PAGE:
The second year (cropping season two) involved testing the residual effects of the different cropping systems on short rotational maize yields by planting maize across all treatment plots. Therefore VAM fungal colonisation was also assessed on the short rotational maize. Each type of crop residue was incorporated in a plot where that specific crop was grown. During VAM colonisation assessment, plots of the previous season were purposively split into two subplots hence a split-plot design was achieved with previous cropping system as main factor and N fertilizer levels of 0 kg N ha−1 and 23 kg N ha−1 as subfactors. It should be noted that the VAM fungi under this study were not inoculated but only indigenous ones were assessed.

2.3. Assessment of VAM Fungal Colonisation

The process of assessing VAM fungal colonisation in plant roots involved plant sampling to obtain the roots, clearing of roots of various pigments and staining them to make hyphae and VAM key features, that is, arbuscules and vesicles, visible on a compound light microscope, and quantifying of VAM fungal colonisation of roots on a dissecting microscope. Ten plants were sampled per plot of each treatment. Roots were cut from stems of the uprooted plants and gently cleaned, placed in clean plastic bottles, and transported while being kept in a cooler box. Ethanol was added to the bottles when keeping them in a refrigerator. The clearing and staining of roots were done using a procedure as described by Vierheiling et al. [36] and Cao et al. [37] in which 10% potassium hydroxide (KOH) is used for clearing root pigments at 90°C for 90 min, blanching with alkaline 10% hydrogen peroxide (H2O2), acidifying with 0.2 M hydrochloric acid (HCl), and staining with 5% blue ink in 5% acetic acid (vinegar). Verification of VAM presence was done on a compound microscope (10 × 40 magnification) by considering features as described by Brundrett [38]. Quantification of percent root length colonisation was done using the gridline intersect method as described by Giovannetti and Mosse [39]. Figure 1 shows how the counts of root colonisation were done as illustrated by Brundrett [31].

2.4. Statistical Analysis

Computation of percentages was done using Microsoft Excel computer package. The GenStat 15th edition statistical package was used for analysis of variance (ANOVA) and determinations of correlations. Separation of means was done using the least significant difference (LSD) at P < 0.05 for year one data whereas Tukey’s honest significant difference (HSD) test was used for the year two data at P < 0.05. Data for each of the sites were analysed separately as the cropping system effect was the only emphasized factor for year one whereas previous cropping system and N fertilizer application were the two factors considered for year two. However, having two sites served a function of increased repeatability of the experiment.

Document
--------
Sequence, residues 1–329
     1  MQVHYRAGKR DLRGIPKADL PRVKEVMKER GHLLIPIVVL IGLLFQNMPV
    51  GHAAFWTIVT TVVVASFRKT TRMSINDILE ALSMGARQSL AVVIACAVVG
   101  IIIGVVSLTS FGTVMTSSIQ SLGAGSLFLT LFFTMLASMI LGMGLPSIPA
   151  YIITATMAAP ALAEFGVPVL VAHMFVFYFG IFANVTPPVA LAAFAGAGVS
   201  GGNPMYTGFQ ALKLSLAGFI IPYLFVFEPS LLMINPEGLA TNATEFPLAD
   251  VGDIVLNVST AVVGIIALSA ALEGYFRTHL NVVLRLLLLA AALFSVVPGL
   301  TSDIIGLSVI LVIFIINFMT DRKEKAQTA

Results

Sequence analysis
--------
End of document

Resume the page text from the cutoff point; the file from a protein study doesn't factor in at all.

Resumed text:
3. Results

3.1. The VAM Fungal Colonisation in Pigeon Pea, Cowpea, and Maize Roots as Influenced by Different Cropping Systems at the Lilongwe and Dowa Sites

Results show that there were no significant differences (P < 0.05) in percent root length colonised by the VAM fungi in all the three crops as influenced by the cropping systems (Table 1). However, looking across all the crops, maize had the lowest values of percent root length colonised by VAM fungi at both sites.

3.2. The VAM Fungal Colonisation of Maize Roots as Influenced the Previous Cropping Systems and N Application at the Lilongwe Site

Results show that there were signification differences (P < 0.05) in percent of VAM fungal colonisation in rotational maize roots as affected by the previous season’s cropping systems (Figure 2). All treatments that involved legumes (legume-based) in the previous season, that is, pigeon pea and cowpea, grown as sole crops or legume-cereal or legume-legume intercrops, showed significantly higher (P < 0.05) percent colonisation of maize roots by VAM fungi ranging from 39% (in previous PP + MZ) to 50% (in previous sole PP) than VAM fungal colonisation in maize not supplied with N fertilizer that followed sole maize. Similarly, the previous season legume-based systems led to significantly higher VAM fungal colonisation, by the range of 19% (in previous PP + MZ) to 47% (in previous PP + CP) in maize supplied with 23 kg N ha−1 that was preceded by sole maize of the previous season.